Editor’s note: Here is another article by our friend, Ruricolus.
I thought this was interesting and relevant to today’s COVID propaganda. A researcher in the 1950s wanted to study conformity, so he told test subjects they were taking a vision test, but the test had an obvious correct answer for each round. He paired each test subject up with 7 ringers, who were told to select a certain wrong answer as a group on 2/3rds of the tests. The test subject answered last after all the others had answered out loud.
On average, each time 1/3rd of the test subjects selected the same wrong answer as the ringers. 3/4ths of them answered wrong at least once, and 1/4th always went against the group and selected the right answer. That parallels what we see today, with about 1/3rd of the population (the true NPCs) that believes whatever they’re told everyone else believes. Most people are in the 3/4ths who can’t believe the official narrative is always wrong, so they go along with it sometimes. And 1/4th are able to reject the official narrative every time that they think it’s wrong. As a practical matter, that means the media decides what the first 1/3rd believes, so if you don’t control the media, you’re starting in a hole and need to win over 2/3rds of the non-NPCs just to break even in any kind of fair vote. Takeaway: if you gain the power to do it, bring the media to heel, whatever it takes.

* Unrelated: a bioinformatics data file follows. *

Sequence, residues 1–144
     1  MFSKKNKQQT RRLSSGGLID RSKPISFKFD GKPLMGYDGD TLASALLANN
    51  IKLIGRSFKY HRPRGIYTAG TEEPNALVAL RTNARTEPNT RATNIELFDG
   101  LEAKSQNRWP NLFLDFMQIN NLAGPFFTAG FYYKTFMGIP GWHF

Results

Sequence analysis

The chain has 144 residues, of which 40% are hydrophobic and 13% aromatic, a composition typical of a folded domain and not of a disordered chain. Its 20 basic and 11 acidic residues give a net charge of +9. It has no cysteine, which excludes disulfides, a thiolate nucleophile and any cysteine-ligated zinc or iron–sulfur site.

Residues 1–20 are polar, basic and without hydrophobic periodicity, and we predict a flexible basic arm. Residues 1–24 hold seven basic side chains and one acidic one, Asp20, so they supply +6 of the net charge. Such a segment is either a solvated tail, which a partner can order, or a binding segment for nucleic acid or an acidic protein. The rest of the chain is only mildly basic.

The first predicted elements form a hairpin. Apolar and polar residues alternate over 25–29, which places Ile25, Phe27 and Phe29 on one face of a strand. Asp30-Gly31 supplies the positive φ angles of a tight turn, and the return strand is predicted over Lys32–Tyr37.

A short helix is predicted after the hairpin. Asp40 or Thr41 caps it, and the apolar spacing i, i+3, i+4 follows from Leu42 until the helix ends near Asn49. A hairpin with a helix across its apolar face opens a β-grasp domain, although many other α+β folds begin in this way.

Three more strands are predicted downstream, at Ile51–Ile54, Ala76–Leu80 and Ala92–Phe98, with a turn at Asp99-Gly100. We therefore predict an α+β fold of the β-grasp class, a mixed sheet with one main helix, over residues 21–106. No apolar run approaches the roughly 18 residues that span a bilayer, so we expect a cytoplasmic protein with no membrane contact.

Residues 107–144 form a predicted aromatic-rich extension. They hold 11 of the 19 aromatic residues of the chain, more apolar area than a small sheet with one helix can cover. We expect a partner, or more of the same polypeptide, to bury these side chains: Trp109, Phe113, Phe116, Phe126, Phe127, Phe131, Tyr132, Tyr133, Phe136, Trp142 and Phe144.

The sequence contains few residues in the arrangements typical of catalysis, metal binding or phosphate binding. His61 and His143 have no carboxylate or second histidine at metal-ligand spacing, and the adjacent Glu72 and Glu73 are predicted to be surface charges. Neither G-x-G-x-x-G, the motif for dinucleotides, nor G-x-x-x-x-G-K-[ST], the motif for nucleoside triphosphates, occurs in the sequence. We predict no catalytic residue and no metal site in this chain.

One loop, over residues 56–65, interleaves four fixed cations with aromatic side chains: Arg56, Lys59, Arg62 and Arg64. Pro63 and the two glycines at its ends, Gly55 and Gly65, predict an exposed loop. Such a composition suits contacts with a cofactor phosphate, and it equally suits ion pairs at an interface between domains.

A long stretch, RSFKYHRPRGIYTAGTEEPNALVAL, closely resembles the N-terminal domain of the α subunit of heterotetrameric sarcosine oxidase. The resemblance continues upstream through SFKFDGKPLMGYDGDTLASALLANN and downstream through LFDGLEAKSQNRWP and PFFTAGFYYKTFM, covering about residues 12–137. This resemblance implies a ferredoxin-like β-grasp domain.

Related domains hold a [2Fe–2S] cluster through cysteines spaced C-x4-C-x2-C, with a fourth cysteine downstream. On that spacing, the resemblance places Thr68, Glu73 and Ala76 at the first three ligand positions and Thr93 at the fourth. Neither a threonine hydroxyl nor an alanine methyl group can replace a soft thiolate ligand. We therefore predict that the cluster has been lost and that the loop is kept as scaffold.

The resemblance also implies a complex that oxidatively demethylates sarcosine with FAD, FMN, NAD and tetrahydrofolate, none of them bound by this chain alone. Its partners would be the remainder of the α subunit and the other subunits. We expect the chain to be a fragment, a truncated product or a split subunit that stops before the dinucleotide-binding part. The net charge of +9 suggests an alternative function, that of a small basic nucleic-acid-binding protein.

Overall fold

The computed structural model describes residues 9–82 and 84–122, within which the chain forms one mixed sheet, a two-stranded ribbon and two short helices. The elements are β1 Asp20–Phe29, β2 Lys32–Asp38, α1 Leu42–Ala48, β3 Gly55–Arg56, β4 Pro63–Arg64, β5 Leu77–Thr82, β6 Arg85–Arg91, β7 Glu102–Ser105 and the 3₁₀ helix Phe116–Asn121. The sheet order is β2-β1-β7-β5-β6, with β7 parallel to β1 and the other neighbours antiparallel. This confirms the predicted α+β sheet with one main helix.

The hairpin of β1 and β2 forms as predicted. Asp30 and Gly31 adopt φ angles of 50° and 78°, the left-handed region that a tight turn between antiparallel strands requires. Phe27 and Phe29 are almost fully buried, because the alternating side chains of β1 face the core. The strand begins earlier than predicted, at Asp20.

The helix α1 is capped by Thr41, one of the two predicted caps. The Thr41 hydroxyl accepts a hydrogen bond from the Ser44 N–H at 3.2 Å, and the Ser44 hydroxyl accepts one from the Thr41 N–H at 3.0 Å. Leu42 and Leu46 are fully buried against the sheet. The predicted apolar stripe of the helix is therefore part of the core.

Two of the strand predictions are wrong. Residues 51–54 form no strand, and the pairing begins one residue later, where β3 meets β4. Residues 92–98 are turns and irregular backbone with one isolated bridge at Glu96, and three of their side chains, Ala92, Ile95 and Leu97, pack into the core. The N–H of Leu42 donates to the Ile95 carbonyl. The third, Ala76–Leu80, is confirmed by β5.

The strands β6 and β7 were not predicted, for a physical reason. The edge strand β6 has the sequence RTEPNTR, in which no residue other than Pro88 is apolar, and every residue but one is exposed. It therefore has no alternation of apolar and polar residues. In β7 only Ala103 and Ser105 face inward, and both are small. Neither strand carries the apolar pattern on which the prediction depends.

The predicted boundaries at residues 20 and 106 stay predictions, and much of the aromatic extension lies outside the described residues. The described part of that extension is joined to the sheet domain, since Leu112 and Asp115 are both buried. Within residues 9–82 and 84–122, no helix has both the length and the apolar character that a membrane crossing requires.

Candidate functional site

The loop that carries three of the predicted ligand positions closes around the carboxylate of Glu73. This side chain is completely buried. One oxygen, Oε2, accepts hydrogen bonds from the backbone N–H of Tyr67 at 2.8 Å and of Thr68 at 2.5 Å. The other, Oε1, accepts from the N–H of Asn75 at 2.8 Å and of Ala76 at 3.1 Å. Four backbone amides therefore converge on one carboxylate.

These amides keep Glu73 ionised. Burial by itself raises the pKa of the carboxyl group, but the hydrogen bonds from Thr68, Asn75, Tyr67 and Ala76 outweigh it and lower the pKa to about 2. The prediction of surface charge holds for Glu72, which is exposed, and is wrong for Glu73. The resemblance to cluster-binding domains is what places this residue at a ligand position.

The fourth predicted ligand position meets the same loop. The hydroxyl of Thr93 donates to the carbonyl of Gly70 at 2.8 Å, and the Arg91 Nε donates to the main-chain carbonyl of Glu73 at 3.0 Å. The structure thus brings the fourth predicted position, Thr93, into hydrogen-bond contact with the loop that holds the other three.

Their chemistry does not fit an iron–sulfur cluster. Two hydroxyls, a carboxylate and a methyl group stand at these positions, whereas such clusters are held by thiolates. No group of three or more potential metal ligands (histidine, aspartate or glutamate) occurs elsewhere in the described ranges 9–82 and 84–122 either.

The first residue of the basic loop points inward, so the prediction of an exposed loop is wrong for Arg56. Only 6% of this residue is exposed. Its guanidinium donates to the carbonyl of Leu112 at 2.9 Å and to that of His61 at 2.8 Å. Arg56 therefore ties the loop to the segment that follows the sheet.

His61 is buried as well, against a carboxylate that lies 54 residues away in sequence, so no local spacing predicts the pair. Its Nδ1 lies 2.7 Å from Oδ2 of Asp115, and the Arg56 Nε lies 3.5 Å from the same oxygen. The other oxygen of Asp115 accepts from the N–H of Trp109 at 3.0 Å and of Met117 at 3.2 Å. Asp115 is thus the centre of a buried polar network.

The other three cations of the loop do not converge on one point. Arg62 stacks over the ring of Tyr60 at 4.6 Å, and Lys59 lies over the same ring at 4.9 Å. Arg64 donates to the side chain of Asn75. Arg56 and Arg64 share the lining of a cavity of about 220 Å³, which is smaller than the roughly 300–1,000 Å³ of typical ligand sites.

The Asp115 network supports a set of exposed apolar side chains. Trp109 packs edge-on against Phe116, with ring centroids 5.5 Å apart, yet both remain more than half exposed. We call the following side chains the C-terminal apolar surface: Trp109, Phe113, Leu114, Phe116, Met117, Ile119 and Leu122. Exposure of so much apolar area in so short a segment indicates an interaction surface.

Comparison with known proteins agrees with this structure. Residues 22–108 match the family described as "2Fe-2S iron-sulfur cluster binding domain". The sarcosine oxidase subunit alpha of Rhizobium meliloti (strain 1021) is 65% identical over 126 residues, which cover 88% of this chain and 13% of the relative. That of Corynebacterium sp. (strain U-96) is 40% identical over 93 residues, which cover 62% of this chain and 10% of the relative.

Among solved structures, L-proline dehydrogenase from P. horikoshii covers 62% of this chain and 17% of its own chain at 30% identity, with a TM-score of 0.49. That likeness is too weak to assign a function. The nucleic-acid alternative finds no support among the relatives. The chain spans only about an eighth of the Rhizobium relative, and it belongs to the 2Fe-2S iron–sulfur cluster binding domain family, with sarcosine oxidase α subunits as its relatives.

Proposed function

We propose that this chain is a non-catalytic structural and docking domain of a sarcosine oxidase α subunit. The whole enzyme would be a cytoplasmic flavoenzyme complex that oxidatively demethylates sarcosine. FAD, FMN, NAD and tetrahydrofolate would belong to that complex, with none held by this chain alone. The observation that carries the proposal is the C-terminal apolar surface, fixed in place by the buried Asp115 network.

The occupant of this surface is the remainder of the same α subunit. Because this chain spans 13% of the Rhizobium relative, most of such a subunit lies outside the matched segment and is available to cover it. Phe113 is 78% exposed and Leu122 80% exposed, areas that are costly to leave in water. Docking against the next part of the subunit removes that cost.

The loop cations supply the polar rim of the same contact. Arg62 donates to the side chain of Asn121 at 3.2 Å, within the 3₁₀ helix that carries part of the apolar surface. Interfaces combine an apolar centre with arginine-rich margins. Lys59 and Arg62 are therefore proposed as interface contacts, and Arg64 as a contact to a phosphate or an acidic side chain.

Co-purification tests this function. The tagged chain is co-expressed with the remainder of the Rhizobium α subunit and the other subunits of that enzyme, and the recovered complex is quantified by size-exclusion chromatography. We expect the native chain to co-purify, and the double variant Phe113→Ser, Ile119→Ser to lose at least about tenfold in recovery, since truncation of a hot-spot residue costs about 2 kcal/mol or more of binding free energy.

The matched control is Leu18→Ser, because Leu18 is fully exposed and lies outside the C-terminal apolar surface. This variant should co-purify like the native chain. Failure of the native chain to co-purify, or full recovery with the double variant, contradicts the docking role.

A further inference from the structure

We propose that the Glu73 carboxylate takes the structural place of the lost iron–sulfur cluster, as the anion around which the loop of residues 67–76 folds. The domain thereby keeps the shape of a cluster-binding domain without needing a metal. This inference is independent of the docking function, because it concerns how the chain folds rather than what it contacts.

Some side points of interest:
The test subjects were male college students. I assume a female sample would show even higher conformity.
This was in the 1950s when social conformity was high in general. Studies in later decades showed lower conformity, but they also tended to do the test differently. One in the 70s that selected only male students in hard subjects (at the time) like engineering and chemistry found very low conformity around 3%. I suspect if they did it with today’s affirmative action STEM students it would be far higher.
Having one of the ringers select the correct answer lowered conformity by 80%. So having an “ally” against the crowd made a big difference, even when still outnumbered by the crowd. I’ve seen that with masks: when one person simply doesn’t wear a mask, other people around him will start to let theirs slip down to their chin or take it off altogether. As long as they feel alone, they won’t buck the crowd; but give them one ally, even an implied one, and they feel differently.